"My living space is on the first floor, so everything that's going out to the garden has to be carried up and down stairs. You have to be practical at the end of the day."

The range includes a big roomy wire tray with deep sides and handles, and a wine glass that's so cheap it doesn't matter if you break it. "It's hard to find a wine glass that's not so gorgeous that you're afraid to use it. If you do smash one of these, you can replace it for a few euro."

Carolyn Donnelly's Eclectic bistro range with woven faux rattan on the table and chairs and Bali parasol;
Carolyn Donnelly's Eclectic bistro range with woven faux rattan on the table and chairs and Bali parasol;

The other theme in this year's range is cacti, from a giant faux cactus (€120) to cactus-print seat pads (€18). "We originate all our own prints," she says.

When the Carolyn Donnelly Eclectic range was launched five years ago, not all the prints were designed in-house. Now Dunnes employs a number of art college graduates from around the country. "A lot of these people are amazing with print," Donnelly says. "The range has become very design driven."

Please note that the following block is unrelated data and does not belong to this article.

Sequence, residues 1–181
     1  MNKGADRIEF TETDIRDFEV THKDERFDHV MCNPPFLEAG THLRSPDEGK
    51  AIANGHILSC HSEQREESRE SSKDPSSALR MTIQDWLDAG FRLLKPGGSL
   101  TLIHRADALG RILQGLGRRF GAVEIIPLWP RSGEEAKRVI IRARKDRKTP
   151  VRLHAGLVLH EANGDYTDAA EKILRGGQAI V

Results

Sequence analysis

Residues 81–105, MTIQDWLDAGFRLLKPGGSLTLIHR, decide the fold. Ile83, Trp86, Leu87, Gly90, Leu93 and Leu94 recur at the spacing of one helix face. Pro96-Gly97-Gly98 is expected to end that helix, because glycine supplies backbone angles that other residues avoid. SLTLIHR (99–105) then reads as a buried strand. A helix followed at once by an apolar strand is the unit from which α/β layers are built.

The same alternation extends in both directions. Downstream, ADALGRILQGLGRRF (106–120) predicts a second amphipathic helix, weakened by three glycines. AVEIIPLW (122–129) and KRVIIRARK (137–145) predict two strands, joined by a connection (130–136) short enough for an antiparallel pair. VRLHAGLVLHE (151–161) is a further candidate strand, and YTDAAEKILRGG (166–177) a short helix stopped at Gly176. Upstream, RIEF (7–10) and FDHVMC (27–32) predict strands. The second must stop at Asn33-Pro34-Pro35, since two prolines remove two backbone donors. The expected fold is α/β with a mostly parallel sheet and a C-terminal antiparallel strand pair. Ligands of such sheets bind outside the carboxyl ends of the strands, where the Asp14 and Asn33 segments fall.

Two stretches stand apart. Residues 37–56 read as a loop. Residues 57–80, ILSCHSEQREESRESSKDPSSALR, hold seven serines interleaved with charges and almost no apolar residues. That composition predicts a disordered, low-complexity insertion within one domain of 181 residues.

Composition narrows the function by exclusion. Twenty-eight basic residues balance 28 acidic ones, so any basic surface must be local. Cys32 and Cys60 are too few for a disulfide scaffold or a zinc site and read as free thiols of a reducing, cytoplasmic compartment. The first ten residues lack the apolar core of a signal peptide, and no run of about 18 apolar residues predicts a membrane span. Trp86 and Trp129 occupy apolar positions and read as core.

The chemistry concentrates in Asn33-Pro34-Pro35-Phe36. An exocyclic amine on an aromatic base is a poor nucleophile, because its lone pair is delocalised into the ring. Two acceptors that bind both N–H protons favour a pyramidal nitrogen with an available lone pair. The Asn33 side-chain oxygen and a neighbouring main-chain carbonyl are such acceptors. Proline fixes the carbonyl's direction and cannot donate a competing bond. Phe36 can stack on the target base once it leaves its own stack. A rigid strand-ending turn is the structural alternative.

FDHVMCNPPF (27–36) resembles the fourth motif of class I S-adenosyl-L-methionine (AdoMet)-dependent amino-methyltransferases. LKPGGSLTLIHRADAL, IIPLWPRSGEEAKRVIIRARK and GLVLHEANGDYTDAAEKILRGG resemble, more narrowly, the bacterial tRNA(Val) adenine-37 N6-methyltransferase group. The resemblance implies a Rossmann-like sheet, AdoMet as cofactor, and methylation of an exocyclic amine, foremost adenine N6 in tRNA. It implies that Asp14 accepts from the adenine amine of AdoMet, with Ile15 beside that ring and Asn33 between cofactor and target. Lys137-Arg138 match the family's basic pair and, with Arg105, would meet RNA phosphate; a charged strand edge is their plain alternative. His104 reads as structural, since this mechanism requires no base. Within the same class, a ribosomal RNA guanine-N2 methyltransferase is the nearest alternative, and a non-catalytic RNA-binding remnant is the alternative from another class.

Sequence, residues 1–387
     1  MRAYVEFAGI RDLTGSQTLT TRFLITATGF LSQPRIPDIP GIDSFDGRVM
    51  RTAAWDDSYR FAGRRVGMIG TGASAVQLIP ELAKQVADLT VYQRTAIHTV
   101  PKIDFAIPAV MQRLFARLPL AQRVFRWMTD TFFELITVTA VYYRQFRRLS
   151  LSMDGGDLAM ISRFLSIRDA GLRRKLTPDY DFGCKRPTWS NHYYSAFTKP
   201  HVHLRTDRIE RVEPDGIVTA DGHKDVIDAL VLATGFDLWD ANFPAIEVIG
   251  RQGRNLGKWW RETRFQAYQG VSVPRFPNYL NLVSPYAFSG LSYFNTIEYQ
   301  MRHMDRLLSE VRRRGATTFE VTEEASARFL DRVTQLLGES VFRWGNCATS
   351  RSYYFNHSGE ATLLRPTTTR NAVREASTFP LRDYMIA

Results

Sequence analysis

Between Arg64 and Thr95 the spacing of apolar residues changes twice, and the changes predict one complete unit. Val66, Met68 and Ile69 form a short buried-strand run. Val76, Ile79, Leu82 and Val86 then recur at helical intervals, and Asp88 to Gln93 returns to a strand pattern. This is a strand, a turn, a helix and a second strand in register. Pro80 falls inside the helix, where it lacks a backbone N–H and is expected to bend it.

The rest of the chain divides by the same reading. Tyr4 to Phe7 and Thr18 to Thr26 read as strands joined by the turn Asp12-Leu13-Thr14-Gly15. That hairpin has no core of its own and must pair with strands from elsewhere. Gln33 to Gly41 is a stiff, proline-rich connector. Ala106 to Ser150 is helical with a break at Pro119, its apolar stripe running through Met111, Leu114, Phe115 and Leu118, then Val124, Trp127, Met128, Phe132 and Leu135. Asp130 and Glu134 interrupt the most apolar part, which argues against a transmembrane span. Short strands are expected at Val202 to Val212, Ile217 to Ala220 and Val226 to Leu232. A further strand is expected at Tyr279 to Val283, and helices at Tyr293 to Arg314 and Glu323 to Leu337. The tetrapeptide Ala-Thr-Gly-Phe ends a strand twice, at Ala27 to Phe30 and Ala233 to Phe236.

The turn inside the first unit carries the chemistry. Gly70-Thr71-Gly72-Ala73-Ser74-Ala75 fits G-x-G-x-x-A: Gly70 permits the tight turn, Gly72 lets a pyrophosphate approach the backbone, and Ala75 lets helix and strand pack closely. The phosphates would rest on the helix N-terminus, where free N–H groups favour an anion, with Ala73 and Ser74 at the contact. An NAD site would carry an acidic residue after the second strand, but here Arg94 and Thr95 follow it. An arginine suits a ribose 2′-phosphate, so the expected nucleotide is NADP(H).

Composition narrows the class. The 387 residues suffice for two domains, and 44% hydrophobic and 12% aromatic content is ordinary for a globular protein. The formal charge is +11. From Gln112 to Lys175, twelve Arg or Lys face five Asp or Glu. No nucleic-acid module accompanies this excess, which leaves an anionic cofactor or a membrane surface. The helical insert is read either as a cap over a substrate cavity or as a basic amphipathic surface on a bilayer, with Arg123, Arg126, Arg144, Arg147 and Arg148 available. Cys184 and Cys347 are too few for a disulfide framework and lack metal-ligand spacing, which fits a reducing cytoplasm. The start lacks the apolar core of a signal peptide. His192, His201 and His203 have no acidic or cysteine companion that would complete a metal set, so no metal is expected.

Another way of delineating an outdoor space is by using colour. "It allows you to highlight the best features of your garden," says Monica Alvarez, one of the judges on RTE's Super Garden and colour consultant for Cuprinol. "Think zonal, with bands, blocks or subtle stripes of colour on fences and walls. Then have fun picking up colour in your outdoor furniture, terracotta pots, and stone walls to unify the space."

She's done this to good effect in an outdoor cooking area by using neutral colours (Seagrass, Sage and Muted Clay) combined with bright Rich Berry to create a stencilled tile effect. "The secret ingredient is a small amount of decorative painting, which unlocks the potential of the palette in a stylish and practical way."

A litre tin of Cuprinol Garden Shades costs around €14 and can be used on terracotta, brick or stone, as well as wood. If you want to see how this works in practice, Cuprinol will be showcased in the Kaleidoscope of Colour Garden at Bloom In The Park 2017, which continues in the Phoenix Park, Dublin, until June 5.